In the UK Mills & Boon has created a new line: "Launching in January 2011, Riva is a vibrant, exciting new stream of editorial" which promises "sparky, sassy stories." I'd like to share my thoughts about the line after having read 25% of the first month's output. Admittedly that's only one book, and "Our top editor tip" is that "there is no better way to fully understand the Riva experience than to read as many of them as possible!" but at the moment there have only been 4 novels published in the line, and I have to assume that the editors were very careful when choosing them. After all, these four novels introduce the line to Mills & Boon's readership. One would hope, therefore, that for this launch month the editors selected novels which were representative of the line. There are apparently two main types of Riva novel, but both share a focus on "today's young woman":
If you like your stories hot & steamy...Kelly Hunter is an author in the "hot & steamy" group, so With This Fling ... should provide some indication of what the editors mean when they write that these novels "reflect the life experiences of today’s young women, within a chic, glamorous, and usually urban setting."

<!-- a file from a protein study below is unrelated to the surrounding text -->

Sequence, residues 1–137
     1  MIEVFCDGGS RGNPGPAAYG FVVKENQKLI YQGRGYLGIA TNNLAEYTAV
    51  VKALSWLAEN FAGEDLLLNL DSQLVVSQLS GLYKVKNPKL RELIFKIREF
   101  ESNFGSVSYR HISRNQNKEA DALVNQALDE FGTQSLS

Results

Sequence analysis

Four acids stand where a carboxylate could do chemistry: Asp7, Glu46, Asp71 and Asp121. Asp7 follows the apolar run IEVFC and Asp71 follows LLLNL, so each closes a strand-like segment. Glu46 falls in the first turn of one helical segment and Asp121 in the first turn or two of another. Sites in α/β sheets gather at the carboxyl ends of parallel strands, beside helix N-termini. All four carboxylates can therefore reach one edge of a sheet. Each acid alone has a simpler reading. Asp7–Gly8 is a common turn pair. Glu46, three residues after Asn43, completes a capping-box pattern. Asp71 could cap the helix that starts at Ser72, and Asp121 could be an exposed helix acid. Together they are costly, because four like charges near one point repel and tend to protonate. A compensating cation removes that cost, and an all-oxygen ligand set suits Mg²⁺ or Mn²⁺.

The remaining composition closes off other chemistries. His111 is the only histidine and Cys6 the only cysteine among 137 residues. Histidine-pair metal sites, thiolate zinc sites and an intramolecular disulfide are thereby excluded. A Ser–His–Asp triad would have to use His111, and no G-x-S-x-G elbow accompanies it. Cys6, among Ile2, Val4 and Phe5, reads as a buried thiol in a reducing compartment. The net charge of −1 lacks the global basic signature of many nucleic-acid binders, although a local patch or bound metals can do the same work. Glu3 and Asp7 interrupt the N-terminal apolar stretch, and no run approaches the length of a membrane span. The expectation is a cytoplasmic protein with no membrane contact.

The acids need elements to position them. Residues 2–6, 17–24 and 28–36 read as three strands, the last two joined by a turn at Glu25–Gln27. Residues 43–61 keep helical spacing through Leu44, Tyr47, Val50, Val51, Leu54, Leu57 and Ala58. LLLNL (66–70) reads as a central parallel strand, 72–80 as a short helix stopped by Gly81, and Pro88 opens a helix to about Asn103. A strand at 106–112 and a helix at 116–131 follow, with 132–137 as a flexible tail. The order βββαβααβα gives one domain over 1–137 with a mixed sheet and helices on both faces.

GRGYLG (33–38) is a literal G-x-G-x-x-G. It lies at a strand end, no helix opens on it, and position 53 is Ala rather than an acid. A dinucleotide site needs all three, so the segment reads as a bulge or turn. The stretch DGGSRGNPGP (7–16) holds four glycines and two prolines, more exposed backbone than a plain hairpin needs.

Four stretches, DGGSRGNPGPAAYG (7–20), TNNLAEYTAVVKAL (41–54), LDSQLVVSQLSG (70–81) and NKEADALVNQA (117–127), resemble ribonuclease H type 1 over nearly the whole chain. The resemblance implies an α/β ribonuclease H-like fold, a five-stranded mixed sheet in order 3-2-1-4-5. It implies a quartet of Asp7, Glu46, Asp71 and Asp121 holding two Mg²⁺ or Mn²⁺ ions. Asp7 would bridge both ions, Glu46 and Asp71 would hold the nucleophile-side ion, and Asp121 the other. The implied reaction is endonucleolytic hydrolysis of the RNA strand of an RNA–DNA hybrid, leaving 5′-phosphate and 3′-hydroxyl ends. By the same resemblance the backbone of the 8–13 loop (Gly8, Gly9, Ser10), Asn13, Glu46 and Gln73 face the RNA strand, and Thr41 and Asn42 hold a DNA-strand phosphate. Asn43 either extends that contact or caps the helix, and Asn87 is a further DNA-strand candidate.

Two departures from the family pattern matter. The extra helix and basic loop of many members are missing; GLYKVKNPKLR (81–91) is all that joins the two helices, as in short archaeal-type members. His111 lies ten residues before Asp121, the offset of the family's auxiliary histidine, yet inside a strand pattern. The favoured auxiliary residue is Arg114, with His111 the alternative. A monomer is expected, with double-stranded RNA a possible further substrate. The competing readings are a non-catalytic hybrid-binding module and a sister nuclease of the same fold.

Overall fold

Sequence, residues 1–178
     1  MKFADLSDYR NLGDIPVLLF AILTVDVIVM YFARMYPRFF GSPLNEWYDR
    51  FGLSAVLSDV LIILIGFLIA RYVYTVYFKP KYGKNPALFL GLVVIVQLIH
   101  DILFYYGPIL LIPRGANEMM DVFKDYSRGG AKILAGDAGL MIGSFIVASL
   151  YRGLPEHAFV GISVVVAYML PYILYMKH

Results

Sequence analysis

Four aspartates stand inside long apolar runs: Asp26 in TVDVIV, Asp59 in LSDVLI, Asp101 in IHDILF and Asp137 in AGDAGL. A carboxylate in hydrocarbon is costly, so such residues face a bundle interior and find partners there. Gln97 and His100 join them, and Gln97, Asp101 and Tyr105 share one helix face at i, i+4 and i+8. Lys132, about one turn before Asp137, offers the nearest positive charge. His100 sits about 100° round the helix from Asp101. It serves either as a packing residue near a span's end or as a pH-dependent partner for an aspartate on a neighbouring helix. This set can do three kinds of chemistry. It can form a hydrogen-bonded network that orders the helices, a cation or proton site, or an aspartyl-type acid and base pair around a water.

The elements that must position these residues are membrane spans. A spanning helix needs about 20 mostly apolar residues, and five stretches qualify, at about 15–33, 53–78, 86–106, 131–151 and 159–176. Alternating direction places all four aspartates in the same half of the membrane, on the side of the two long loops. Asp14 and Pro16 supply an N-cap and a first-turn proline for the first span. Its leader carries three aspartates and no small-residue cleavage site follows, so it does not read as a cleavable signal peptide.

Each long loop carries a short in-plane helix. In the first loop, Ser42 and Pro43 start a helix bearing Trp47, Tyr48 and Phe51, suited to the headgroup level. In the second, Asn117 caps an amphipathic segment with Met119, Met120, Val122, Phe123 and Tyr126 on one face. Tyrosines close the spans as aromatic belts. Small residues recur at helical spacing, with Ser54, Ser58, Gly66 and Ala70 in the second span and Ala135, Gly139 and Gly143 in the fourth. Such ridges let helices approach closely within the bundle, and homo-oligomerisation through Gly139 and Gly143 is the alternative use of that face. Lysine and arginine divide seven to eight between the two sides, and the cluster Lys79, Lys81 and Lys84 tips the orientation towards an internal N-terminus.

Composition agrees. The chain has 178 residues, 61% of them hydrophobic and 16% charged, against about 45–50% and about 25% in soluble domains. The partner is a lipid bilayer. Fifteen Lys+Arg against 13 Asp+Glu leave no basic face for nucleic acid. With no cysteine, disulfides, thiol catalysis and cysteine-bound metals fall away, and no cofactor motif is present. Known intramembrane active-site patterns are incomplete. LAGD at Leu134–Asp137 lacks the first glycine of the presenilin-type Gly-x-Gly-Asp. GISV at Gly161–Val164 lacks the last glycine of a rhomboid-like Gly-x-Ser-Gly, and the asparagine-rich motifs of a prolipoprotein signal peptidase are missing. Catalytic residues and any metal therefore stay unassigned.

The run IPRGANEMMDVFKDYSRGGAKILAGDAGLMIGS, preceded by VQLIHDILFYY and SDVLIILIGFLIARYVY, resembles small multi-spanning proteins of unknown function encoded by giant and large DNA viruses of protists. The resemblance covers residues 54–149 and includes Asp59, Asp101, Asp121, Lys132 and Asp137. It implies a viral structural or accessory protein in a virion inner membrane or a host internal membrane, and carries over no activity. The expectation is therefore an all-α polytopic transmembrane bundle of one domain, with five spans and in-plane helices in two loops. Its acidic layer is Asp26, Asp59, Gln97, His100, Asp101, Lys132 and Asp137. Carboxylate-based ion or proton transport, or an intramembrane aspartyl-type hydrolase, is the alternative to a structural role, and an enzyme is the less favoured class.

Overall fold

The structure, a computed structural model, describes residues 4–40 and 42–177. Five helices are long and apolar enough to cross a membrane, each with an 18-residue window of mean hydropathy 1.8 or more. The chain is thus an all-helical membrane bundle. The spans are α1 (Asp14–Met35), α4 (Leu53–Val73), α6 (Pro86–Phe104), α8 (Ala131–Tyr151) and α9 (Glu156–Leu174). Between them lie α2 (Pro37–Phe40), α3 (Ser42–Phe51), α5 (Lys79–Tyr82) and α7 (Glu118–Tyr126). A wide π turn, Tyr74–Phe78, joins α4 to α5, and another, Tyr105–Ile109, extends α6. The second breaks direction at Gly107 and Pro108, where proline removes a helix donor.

Then you’ll love the Rivas written by original, fresh authors such as Heidi Rice, Natalie Anderson, Kelly Hunter, Kimberly Lang, Anne Oliver, Anna Cleary and Lucy King, formerly published in Mills & Boon Modern Heat. These entertaining romances reflect the life experiences of today’s young women, within a chic, glamorous, and usually urban setting. The[y] offer international glamour, passion and alpha male heroes you expect from Modern, with a flirty young voice and a whole load of sass. The heroines are often your twenty-something girls-about-town but there's no compromising on the hero: he must be very alpha and absolutely to die for. There’ll be sparks flying when these two meet – and nothing short of fireworks once they get to the bedroom!